This elegant lemon meringue pie recipe is the perfect dessert for special occasions. Follow my simple techniques to master the delicious buttery crust, tart citrus curd, and silky whipped topping.
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One of the most jaw-dropping and gorgeous desserts has to be lemon meringue pie. Its stunning beauty is a combination of flaky pie crust, tart lemon filling, and light egg white topping. For maximum flavor, I’ll show you have to make the shell from scratch.
In culinary school, I learned how to make lemon curd and meringue. It was tricky at first, but once I understood the techniques, it was totally doable. I’ll share my tips for properly tempering the egg-based filling to prevent curdling. Plus, you’ll be able to master a classic Italian meringue technique (sounds fancy, but it’s actually simple), and get to use a blow torch!
Making the pie crust
I use a classic pie crust recipe called Pâte Brisée, a simple combination of flour, butter, salt, and water. It makes a sturdy but tender shell perfect for holding the heavy filling. It’s crucial to allow the dough to chill for at least 4 hours. This duration gives the gluten proteins time to relax, so it doesn’t taste hard after baking.
I recommend preparing the pie dough a day or two ahead of time so that it’s easy to roll out and bake the day of serving.
Thoroughly bake the pie crust
The lemon curd and meringue topping both cook on the stovetop and then are placed into the fully baked crust. After rolling and shaping the dough into a 9-inch pie plate, I use a blind-baking technique.
The crust is baked briefly with pie weights to prevent the bottom from puffing up due to steam release. It also helps to set the shape with minimal shrinking. After removing the weights, the shell bakes again until golden brown and dry. Make sure to cool it completely before adding the filling.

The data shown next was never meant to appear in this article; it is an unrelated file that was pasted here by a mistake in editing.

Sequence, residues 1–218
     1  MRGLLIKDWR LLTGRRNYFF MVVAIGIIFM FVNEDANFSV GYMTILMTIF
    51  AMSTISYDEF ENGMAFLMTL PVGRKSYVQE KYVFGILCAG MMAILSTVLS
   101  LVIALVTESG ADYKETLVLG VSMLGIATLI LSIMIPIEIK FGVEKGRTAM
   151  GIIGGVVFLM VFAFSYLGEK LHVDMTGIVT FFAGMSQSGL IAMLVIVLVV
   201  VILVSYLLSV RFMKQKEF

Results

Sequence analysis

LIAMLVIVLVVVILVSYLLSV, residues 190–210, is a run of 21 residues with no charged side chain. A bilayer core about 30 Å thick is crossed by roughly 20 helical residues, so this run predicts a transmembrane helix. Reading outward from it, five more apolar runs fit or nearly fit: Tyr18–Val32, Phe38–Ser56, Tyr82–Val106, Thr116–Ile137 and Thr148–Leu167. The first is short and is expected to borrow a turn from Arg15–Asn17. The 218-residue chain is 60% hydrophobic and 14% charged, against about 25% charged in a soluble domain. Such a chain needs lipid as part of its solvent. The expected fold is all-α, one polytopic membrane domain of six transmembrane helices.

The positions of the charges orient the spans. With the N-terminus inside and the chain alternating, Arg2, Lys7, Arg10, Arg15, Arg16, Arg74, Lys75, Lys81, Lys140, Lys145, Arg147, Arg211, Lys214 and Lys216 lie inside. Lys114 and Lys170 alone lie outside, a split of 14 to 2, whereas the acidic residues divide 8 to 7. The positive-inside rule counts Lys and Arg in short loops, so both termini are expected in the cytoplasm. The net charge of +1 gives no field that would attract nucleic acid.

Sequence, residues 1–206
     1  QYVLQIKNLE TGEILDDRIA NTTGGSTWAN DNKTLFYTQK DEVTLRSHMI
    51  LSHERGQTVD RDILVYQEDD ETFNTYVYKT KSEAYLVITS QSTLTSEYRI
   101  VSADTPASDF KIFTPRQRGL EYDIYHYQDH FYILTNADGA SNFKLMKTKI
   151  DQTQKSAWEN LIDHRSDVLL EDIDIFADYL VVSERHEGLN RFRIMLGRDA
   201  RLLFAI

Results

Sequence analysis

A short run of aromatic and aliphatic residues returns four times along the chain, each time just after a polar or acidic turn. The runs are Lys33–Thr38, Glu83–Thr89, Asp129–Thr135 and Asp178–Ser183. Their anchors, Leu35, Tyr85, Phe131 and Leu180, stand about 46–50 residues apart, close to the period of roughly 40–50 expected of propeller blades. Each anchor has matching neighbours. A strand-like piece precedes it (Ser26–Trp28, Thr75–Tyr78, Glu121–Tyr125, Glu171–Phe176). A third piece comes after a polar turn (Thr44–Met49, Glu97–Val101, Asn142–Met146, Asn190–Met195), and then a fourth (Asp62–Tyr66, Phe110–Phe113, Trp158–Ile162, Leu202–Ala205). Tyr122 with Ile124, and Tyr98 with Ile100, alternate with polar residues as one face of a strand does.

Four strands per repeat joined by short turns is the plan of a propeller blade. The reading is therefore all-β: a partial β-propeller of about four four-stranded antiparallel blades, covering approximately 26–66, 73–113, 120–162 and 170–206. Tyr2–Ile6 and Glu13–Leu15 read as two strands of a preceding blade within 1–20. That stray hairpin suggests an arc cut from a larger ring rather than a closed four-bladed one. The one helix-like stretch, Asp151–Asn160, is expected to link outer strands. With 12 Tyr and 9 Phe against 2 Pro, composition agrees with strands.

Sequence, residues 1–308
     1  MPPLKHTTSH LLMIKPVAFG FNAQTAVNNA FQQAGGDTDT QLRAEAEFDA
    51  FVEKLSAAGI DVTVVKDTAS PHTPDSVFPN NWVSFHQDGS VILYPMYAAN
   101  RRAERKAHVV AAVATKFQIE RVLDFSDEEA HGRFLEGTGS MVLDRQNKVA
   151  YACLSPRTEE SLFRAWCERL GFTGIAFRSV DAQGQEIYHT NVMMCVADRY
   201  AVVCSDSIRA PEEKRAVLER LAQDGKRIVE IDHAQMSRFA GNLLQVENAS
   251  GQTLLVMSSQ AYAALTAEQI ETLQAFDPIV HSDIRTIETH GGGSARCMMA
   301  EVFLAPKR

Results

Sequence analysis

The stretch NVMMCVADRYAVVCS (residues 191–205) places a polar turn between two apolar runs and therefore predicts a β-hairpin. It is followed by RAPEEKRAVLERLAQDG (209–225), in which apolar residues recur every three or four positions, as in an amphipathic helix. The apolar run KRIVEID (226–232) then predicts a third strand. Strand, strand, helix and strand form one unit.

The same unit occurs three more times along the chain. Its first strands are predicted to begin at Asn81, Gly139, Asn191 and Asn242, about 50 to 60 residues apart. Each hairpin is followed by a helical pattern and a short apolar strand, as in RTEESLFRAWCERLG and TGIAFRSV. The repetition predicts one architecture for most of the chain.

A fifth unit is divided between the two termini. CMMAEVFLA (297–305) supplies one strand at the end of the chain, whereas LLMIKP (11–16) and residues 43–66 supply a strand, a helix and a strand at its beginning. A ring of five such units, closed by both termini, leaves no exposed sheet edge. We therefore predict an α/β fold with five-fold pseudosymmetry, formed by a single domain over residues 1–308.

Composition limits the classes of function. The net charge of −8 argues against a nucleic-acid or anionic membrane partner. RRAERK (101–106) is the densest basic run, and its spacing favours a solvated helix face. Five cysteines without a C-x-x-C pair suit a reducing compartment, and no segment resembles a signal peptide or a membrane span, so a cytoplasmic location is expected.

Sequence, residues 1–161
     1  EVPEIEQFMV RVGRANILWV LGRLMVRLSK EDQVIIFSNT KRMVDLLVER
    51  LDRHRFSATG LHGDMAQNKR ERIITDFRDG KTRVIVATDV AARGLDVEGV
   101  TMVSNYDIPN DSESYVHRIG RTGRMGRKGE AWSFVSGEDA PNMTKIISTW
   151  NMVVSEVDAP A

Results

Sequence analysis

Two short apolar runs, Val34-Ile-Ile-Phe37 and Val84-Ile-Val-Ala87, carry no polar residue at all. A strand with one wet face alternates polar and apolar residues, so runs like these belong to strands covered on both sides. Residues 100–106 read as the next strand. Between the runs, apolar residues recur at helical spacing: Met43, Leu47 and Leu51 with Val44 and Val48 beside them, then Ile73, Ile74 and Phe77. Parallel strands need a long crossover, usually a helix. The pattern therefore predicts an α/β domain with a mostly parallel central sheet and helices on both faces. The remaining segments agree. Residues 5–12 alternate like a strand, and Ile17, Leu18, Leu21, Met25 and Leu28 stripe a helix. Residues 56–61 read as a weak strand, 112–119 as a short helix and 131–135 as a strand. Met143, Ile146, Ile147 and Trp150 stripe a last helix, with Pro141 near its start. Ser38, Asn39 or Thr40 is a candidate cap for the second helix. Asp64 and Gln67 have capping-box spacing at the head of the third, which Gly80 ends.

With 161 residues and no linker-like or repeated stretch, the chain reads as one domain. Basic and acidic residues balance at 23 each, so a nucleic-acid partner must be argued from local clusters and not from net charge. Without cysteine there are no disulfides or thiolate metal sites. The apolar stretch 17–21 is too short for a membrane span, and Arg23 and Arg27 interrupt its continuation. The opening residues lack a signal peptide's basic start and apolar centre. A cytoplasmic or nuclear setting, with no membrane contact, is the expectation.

Make a sweet and tart lemon filling
The hallmark of this dessert is the citrus flavor and tart pucker. Fresh lemon juice and zest provide a bold taste, balanced with granulated sugar. The filling is a curd that’s opaque in appearance with a sticky, sliceable jelly-like texture. It’s thickened with cornstarch and eggs; however, they need to be correctly cooked by tempering to keep the consistency smooth.
Temper the eggs to prevent curdling
This process is similar to making the custard for my banana cream pie but uses an acidic sugar mixture instead of milk. In a mixing bowl, add egg yolks, water, sugar, and cornstarch. In a separate pot, add water, lemon juice, zest, salt, sugar, and simmer at 190 to 200ºF (87 to 93ºC).
Gradually add the hot lemon syrup into the egg mixture and whisk. The eggs curdle between 149 to 158°F (64 to 70ºC) with direct heat, so it’s essential to add the hot liquid in multiple additions not to raise the temperature too fast.
Then the tempered egg mixture is whisked into the remaining syrup and cooked on the stovetop. I vigorously stir to ensure that the cornstarch doesn’t clump up and reaches its full thickening capability. Mixing in some butter and stirring the lemon curd keeps the texture super smooth.
Fill and chill
The lemon filling will be hot, so I let it cool until warm but spreadable, about 100ºF (37ºC). You want to finish cooling the curd in the pie crust. As the temperature lowers, the cornstarch sets and becomes rigid, holding its shape for slicing. Make sure to cover with plastic wrap and refrigerate until it feels cold and stiffens, about 6 hours or overnight.
Making the meringue topping
The hot sugar syrup is heated to 240°F (115°C) and added to the whipping whites. Gradually incorporating gently cooks the albumin in the whites to set the protein structure.
Egg whites coagulate, set, and cook between 144 to 149°F (62 to 65ºC). This technique incorporates air to increase the volume and yield a thick, smooth, and glossy topping. This texture will make it easy to pipe designs or create a rustic appearance with a spatula.
Using cream of tarter
In addition to the hot sugar, you can use a small amount of cream of tartar (an acid) as a stabilizer. Add it to the egg whites at the beginning of whipping. It alters the electrical charge of the egg’s proteins, reducing the interactions. It takes a little more time to foam but makes it ultimately more stable. However, I find Italian meringue very stable, so I don’t use it.
French vs. Italian meringue